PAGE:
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As a 15-minute delivery service uncovers its windows for business amid newly-proposed city regulations, local politicians still insist that “dark stores” — otherwise known as micro-fulfillment centers — are bad news for small businesses and corner bodegas.
This week, GoPuff — one of several online fulfillment centers that grew like weeds in the proliferation of pandemic-related commercial vacancies — seem to have altered their W57th Street location (between 8/9th Avenue), adding what appear to be shelves semi-filled with the odd box of Red Bull, cold storage, and a checkout counter in front of a closed-off warehouse of inventory. The store has also removed the paper that previously obscured its interior. W42ST reached out to GoPuff to confirm the opening of their Midtown West location and has not received a reply.
The creation of space for consumers to see merchandise from the street, enter the store, and buy items in-person comes amid pressure from local city leadership to regulate what constitutes a proper store and what is a warehouse in disguise. Former Manhattan Borough President and current City Council Member Gale Brewer has led the charge against dark stores taking over significant city retail space.
A spokesperson from Brewer’s office told W42ST: “Point blank, we will never accept these stores in commercial areas. Their structure clearly outlines a warehouse — they are still micro-fulfillment centers.”
Brewer’s team surveyed Manhattan’s micro-fulfillment center locations, visiting stores undercover as “customers” and creating a comprehensive map of centers where they were unable to purchase items in-person or enter the store. After reaching out to the city with their concerns over zoning violations, the Department of Buildings (DOB) responded with a proposed series of regulations that would delineate stores from micro-fulfilment centers and from warehouses, thereby limiting the areas in which each is allowed to operate.
“Last year, the Department received a letter from the Manhattan Borough President’s Office asking us to investigate whether several quick-service grocery fulfillment centers in Manhattan complied with local zoning and other applicable regulations,” said Andrew Rudansky, press secretary at the DOB. “These quick-service fulfillment centers are a new type of business in New York City, and not specifically mentioned in existing city zoning regulations. For the last several months we have been working with the Department of City Planning to explore the appropriate Zoning Districts for these types of establishments.”
In the proposed regulations — which were distributed to stakeholders earlier this month and are still in the process of being finalized — the DOB outlines three key delineations in zoning for retail centers. All three would be required to keep at least 50 percent of their storefront glass transparent, one of the major issues cited by Brewer team in reference to the centers’ effect on local commerce.
In a statement, the DOB also appeared to align with the need to create welcoming retail blocks instead of vacant-looking warehouses: “The district regulations are designed to promote convenient shopping and the stability of retail development by encouraging continuous retail frontage and by prohibiting local service and manufacturing establishments which tend to break such continuity.”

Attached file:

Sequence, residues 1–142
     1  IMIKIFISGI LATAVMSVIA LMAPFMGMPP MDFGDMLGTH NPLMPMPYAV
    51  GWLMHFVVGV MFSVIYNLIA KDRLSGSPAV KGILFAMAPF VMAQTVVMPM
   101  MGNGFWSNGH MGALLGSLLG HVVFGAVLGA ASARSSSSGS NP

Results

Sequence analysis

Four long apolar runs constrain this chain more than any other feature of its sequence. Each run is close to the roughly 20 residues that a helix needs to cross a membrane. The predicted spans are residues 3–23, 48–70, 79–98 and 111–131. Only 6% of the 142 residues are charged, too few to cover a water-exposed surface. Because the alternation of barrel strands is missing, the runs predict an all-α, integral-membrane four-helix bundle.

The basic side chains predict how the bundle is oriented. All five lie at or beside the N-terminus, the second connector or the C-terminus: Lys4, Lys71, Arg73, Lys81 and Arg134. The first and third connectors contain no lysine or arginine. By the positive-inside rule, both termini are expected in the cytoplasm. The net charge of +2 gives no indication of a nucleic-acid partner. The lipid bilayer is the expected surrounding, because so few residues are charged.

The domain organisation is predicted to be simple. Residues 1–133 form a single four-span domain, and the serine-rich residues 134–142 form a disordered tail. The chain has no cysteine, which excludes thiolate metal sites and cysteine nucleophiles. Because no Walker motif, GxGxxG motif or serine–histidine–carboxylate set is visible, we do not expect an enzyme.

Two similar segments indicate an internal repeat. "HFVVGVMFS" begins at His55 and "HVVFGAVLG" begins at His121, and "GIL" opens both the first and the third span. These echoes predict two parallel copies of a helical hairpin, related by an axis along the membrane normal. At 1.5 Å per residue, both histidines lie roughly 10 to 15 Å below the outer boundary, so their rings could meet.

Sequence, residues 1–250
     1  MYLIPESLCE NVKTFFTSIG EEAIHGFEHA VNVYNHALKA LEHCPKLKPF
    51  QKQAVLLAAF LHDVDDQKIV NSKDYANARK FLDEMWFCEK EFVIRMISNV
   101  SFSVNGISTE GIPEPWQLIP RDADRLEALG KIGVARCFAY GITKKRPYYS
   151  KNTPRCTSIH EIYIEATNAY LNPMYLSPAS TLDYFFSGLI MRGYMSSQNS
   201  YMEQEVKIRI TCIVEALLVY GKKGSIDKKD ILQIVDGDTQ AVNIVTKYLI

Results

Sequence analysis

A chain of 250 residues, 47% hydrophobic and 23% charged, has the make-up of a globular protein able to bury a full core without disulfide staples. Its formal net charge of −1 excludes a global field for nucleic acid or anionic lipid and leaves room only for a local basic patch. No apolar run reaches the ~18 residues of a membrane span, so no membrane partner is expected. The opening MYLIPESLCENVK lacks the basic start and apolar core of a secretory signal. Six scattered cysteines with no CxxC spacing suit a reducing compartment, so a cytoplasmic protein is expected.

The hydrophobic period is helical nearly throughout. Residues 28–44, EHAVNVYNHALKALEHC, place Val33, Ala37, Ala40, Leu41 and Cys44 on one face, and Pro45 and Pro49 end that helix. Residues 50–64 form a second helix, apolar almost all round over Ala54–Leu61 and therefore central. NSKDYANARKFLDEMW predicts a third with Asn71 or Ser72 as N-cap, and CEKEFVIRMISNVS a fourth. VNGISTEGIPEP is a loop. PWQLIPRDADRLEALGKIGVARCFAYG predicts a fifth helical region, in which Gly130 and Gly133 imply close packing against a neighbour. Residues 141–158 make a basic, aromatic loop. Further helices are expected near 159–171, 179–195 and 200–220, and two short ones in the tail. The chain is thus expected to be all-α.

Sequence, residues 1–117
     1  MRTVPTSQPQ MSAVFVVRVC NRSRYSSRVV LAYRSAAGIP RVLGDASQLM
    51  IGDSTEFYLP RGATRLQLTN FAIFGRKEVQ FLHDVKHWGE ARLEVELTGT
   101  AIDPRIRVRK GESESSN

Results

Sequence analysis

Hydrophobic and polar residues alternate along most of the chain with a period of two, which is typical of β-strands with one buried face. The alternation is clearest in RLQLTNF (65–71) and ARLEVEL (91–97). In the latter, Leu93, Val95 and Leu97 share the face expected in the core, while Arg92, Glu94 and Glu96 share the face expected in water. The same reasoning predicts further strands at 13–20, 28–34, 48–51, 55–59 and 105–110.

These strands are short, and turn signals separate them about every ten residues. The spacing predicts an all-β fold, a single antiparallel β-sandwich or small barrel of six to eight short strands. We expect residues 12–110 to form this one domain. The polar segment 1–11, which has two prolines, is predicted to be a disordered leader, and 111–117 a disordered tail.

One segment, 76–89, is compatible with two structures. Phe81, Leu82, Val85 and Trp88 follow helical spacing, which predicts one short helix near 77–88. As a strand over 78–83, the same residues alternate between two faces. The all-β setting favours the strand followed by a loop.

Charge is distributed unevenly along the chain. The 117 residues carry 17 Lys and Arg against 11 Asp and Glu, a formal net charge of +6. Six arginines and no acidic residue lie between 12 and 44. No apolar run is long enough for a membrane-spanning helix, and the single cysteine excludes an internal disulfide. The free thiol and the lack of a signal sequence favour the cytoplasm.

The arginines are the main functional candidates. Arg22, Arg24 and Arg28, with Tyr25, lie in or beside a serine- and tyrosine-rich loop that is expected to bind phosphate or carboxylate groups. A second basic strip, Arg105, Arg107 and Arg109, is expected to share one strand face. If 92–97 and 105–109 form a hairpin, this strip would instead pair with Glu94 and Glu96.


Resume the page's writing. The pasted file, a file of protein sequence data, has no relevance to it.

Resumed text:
The changes would signal a noteworthy development in the city’s relationship to dark stores, which previously took over large blocks of Manhattan without adherence to standard retail regulations. Initially experiencing a surge in popularity from customers stuck at home during the first phases of the COVID-19 quarantine, the apps have faltered in recent months as consumers returned to in-person purchases and several companies with Russian financial ties were sanctioned.
Previously popular brands Fridge No More and Buyk have since gone under and GoPuff — started in 2013 by two Drexel grads and previously generating almost $2 million in revenue — recently announced layoffs across all levels of the business. Its NYC locations are still open and appear to be preparing for a new era of public-facing retail.
Brewer’s office is skeptical. “We see that they’re trying to conform to anchor stores in existence, but we do not believe that they are in compliance or can be in compliance” with these new regulations, they said. “There has to be consistency in the way these spaces are operated — do they always allow customers, do they always allow cash sales?”
Rudansky said: “We looked at the various businesses as separate entities, because not all these businesses were operating the same way. Some were a lot bigger than others, some of them already had allowed people to go inside, some of them did not. We couldn’t have just looped them all into one group and said they’re all warehouses, because some of them are not operating as such.”
While the enforcement of regulations on fulfillment centers is yet to be implemented, city officials stressed that this was the first step of evaluating the new industry’s place in New York’s landscape. A spokesperson from the Mayor’s office told W42ST: “The Adams administration is committed to fostering innovation and protecting quality of life as part of a robust and inclusive economic recovery for our city, and we expect the final version of this technical analysis will do just that. We are still in the midst of this process, and we look forward to continued engagement with elected officials, advocates, and community partners to ensure we get this right.”
“We’re happy to see the city making progress and we’re happy to see them making changes,” said the spokesperson from Council Member Brewer’s office. “But there is still much more work to be done to protect our small businesses, anchor stores, and neighborhood bodegas.”